Indonesian Lawmakers Call for New Base in S. China Sea

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Published Mar 25, 2016 7:45 PM by The Maritime Executive

Indonesia's House of Representatives has called for the construction of a new military base in the Natuna Islands as a bulwark against Chinese expansion in the South China Sea. 

The House's Commission on Defense and Foreign Affairs called for a new base following a diplomatic incident on March 19, in which an Indonesian patrol boat attempted to arrest a Chinese fishing vessel allegedly operating illegally inside the Indonesian exclusive economic zone (EEZ) off the Natunas. The arrest was thwarted by a Chinese coast guard vessel, which allegedly rammed the fishing boat in order to prevent its capture. Indonesian forces retained the fishing vessel's crew in custody. 

"The development of a military base on Natuna Island is important for the defense system in the central region of Indonesia, which shares its borders with many countries in the South China Sea," said Commission chairman Mahfud Siddiq on Thursday, urging action on an earlier plan from 2015 to construct a base.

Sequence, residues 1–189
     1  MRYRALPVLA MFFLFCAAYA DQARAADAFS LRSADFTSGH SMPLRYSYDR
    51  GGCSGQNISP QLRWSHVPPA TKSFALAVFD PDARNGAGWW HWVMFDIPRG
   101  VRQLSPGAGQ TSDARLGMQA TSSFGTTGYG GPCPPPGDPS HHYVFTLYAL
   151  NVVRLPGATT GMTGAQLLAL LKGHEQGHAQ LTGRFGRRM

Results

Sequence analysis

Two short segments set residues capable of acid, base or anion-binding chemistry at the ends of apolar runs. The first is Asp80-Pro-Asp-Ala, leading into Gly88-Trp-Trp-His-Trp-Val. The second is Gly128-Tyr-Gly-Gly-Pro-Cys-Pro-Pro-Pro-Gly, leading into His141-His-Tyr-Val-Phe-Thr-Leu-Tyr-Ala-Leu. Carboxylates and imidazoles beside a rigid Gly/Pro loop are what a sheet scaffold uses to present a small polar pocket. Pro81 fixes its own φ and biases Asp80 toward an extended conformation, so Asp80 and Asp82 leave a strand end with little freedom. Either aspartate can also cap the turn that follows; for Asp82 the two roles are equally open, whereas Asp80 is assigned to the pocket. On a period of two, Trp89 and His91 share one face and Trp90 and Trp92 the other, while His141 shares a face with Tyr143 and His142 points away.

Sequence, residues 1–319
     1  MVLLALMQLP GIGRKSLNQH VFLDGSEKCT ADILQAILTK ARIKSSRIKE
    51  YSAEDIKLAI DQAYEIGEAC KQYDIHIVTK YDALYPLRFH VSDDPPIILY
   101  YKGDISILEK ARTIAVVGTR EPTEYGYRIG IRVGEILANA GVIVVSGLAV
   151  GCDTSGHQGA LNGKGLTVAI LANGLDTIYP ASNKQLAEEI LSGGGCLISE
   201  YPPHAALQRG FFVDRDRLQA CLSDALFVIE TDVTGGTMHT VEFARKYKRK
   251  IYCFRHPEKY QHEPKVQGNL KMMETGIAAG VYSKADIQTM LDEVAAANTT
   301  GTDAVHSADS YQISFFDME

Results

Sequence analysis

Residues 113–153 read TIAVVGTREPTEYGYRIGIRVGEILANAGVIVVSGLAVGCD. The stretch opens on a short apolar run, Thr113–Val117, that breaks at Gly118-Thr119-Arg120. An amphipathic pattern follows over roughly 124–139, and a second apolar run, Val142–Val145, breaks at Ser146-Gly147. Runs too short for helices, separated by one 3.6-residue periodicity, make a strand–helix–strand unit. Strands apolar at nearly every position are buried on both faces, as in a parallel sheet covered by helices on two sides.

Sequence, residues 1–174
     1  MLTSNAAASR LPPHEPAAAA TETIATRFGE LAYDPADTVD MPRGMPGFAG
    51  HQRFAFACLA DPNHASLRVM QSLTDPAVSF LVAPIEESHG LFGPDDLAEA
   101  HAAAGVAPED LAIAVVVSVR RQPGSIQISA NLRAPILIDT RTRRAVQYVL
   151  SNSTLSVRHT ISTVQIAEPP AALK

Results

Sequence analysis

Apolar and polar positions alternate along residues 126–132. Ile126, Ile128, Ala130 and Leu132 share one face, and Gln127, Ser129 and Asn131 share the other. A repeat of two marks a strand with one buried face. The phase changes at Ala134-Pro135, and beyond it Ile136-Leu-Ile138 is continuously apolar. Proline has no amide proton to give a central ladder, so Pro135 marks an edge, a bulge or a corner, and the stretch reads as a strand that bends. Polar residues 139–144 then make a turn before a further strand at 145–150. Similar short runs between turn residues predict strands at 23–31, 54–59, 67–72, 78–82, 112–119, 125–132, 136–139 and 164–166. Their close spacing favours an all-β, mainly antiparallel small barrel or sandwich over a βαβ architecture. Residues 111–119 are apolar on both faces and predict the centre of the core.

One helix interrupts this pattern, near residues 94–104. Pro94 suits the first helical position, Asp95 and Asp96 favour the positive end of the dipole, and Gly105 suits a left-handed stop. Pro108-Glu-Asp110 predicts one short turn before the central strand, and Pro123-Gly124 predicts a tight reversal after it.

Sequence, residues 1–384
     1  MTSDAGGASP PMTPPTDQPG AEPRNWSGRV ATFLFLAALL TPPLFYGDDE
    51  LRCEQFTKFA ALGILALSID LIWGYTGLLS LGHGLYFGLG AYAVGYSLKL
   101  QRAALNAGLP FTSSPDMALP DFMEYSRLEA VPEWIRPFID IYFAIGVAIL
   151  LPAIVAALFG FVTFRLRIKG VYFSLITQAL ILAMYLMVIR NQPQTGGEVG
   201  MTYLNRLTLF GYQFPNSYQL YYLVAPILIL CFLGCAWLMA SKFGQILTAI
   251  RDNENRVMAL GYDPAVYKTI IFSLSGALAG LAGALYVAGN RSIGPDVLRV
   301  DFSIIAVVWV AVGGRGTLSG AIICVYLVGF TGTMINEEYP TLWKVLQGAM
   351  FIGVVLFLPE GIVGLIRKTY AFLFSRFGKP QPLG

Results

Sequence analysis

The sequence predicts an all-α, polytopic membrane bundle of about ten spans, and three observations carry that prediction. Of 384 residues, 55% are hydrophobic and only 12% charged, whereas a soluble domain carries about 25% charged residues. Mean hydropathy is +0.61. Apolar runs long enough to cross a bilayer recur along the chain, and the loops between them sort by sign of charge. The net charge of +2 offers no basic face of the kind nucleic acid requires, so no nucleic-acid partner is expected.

Parts of the Natuna Islands' EEZ lie within China's “nine dash line” claim in the South China Sea, but in a surprise move in November, Chinese Foreign Ministry spokesman Hong Lei acknowledged Indonesia's administration of the archipelago as legitimate and uncontested - in stark contrast to Chinese policy towards the Spratly Islands and the Paracels. The Chinese acknowledgement followed a threat by Jakarta to join the Philippines' suit at the Permanent Court of Arbitration at the Hague over occupation of geographic features in the Spratly archipelago. 

Notably, Hong's acknowledgement did not mention Indonesia's EEZ, but by recognizing Indonesia's right to the Natuna Islands, the legimacy of the 200-mile boundary of the EEZ was implied. Indonesian lawmakers viewed the March 19 incident as an incursion on the legitimacy of that claim, in addition to the alleged illegality of the fishing vessel’s operations. 

The proposed base in the Natuna chain would not be the first recent uptick in Indonesia's military presence there. Last year, President Joko Widodo ordered fighter planes and P3-C maritime surveillance aircraft to the islands. The army garrison on the islands has been growing as well, reinforced by American-supplied Apache attack helicopters. 

In addition to its fisheries, the EEZ surrounding Natuna is home to multiple natural gas plays with commercial potential.